Published in the Dec. 21, 2016 – January 3, 2017 issue of Morgan Hill Life
By Kate Russell
Pruning fruit and nut trees in winter is one of the best ways to share with your South Valley friends and neighbors more delicious crops next summer. With fall over, it’s also a lot easier to prune without all those leaves blocking your view.
Winter pruning lets you improve the structure, size, and overall health of your fruit and nut trees. The only exceptions are cherry and apricot. Those trees are susceptible to a fungal disease called Eutypa dieback and should be pruned in August.
Before you start pruning, it’s a good idea to learn as much as you can about your trees. Different trees have different needs in Gilroy than in, say, Minneapolis. Also, each species has its own needs. Some trees produce fruit on new growth, while others produce fruit on second year growth.
Most fruit trees should be pruned by 15 to 20 percent, while peach trees should be pruned 50 percent. Learning the details about your particular trees can make a big difference in how and where you make pruning cuts. Before you make those cuts, you’ll need the proper tools and safety gear.
Putting on long sleeves, boots, gloves, and eye protection before pruning for safety is always an excellent idea. One little piece of flying bark can feel like a jagged boulder in your eye. It’s not worth it. Also, make sure your tools are clean and sharp. It is easy to sharpen your tools with a file. You can see how at the Santa Clara County Master Gardeners YouTube website.
There are two basic types of pruning tools: bypass and anvil. Anvil cutters have one sharp blade and one flat blade, which can crush plants rather than make clean cuts, so they should be avoided. You will need hand pruners, loppers, and a curved pruning saw. Also, have a 10 percent bleach solution (1 part bleach, 9 parts water) or disinfectant bathroom cleaner handy. You will use this to sterilize your tools between each plant and after cutting off any diseased plant material.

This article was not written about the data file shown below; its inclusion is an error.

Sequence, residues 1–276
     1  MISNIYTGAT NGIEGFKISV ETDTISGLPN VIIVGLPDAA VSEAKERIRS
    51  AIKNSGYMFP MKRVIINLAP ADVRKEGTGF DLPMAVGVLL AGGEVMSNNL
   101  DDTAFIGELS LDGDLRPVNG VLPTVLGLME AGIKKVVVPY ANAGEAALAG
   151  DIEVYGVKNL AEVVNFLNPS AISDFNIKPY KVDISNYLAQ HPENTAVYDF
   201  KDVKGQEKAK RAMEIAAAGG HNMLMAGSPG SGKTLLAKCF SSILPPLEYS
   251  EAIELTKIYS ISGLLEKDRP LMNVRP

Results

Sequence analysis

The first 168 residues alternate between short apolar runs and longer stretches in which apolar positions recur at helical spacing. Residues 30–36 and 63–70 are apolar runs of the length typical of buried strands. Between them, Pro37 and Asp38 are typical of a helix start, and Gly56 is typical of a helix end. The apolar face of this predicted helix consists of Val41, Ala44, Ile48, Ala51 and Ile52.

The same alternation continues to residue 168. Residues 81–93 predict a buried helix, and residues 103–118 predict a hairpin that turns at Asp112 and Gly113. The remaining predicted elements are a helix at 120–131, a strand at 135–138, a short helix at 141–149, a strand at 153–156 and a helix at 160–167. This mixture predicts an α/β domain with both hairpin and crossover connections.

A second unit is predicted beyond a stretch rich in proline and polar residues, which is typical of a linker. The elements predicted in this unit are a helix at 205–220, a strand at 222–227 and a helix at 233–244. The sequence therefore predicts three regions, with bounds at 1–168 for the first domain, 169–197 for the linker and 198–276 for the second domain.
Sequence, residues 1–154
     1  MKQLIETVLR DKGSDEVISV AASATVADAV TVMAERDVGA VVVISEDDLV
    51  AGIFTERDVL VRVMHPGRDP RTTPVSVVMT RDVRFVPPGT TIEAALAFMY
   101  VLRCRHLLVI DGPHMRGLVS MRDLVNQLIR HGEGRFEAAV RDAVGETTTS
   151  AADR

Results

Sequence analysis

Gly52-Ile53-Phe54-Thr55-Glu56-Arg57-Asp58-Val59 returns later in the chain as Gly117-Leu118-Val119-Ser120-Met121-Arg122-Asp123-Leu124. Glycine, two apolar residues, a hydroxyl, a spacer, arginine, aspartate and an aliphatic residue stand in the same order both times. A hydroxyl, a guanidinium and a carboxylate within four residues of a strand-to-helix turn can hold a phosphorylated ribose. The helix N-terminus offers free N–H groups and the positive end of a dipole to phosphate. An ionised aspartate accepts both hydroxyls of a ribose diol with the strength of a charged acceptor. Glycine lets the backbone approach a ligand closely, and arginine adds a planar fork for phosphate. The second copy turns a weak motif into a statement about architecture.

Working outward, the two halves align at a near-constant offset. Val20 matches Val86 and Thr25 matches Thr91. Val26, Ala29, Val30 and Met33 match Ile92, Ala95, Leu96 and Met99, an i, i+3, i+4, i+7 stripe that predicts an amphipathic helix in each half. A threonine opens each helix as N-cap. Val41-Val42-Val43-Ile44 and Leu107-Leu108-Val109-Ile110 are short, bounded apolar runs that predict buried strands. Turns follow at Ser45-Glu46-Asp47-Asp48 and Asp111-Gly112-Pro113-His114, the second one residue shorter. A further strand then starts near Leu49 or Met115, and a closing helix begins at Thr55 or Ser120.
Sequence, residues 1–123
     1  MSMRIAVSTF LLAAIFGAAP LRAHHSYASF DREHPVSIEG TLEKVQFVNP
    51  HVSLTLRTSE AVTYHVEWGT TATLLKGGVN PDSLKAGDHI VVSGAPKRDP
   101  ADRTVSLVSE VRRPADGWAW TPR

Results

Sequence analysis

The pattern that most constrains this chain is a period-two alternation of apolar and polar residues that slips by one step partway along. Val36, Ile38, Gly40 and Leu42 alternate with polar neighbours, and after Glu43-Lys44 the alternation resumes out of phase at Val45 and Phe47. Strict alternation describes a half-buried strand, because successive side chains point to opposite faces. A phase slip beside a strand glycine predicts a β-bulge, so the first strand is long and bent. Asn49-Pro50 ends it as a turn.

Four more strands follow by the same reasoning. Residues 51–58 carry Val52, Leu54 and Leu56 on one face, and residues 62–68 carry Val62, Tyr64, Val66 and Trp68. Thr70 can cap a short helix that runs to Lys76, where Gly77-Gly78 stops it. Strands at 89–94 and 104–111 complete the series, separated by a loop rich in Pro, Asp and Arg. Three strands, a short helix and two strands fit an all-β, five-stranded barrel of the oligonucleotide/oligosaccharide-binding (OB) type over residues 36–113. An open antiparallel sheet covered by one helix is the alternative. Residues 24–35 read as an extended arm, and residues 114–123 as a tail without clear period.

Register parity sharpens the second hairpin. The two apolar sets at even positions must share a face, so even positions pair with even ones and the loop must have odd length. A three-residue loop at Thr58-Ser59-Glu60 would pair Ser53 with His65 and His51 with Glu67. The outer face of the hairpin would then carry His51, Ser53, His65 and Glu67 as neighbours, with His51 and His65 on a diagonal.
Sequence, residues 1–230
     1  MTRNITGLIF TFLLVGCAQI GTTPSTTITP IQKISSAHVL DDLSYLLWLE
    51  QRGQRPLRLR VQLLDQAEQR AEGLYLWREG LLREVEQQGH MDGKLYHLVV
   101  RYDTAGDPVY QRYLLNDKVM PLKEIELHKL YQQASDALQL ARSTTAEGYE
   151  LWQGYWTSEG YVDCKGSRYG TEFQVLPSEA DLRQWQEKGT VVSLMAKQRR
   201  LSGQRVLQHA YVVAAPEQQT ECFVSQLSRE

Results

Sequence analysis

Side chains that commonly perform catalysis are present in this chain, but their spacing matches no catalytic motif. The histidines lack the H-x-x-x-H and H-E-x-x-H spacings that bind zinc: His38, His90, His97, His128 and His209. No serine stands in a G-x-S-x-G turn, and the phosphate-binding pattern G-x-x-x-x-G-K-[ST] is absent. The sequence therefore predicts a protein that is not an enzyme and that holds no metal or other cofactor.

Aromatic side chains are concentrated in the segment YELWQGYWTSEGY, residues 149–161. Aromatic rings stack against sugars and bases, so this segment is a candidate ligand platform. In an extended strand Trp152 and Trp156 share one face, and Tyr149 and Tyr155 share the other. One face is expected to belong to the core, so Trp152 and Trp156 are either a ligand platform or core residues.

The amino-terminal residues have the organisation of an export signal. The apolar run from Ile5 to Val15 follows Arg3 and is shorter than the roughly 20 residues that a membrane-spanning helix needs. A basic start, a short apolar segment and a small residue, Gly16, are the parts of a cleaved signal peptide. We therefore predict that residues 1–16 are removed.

Regardless of the species, diseased, damaged, and crossed limbs should be removed first. Next, prune for size and structure in ways that allow for good sun exposure and air circulation. Keep in mind that vertical branches tend to be more vegetative (leaf producing), while horizontal branches produce more fruit, and your tree needs both. You will use two types of cuts when pruning: thinning and heading. Heading cuts shorten branches, stimulating new growth where you want it. Thinning cuts are the removal of unwanted branches. When making thinning cuts, avoid damaging the branch collar without leaving nubs. Branch collars are areas of raised bark where a limb emerges. These living cells help a tree to heal itself.
These pruning tips can help you get the most out of your efforts (and your trees):
• Make cuts ¼-inch above nodes that are facing the way out want new growth to go.
• Prune for a size that will be easy to maintain and pick fruit.
• Aim to distribute sunlight evenly throughout tree.
• Most of the pruning should be done at the top of the tree, to allow more sunlight to reach the lower branches.
• Remember that one big cut can prevent several smaller cuts.
• Keep in mind how the tree will grow over the next few years.
• For heavy producers, remove excess fruitwood to prevent broken limbs.
• Sealants are not needed. Trees know how to seal themselves.
• Be sure to pick up and dispose of any rotting fruit or mummies.
As you prune, take the time to step back and look at the tree from several angles to make sure you are getting the shape you want. While you’re at it, January is the best time to prune roses in the Morgan Hill area. Keep three to six strong, healthy canes per plant, leaving three to five buds on each cane. Make diagonal cuts ¼-inch above an outward-facing bud. To learn more, the San Jose Heritage Rose Garden offers free hands-on rose pruning classes in January and February (www.heritageroses.us/PruningLessons.htm).
Kate Russell is UCCE Master Gardener. She wrote this column for Morgan Hill Life.
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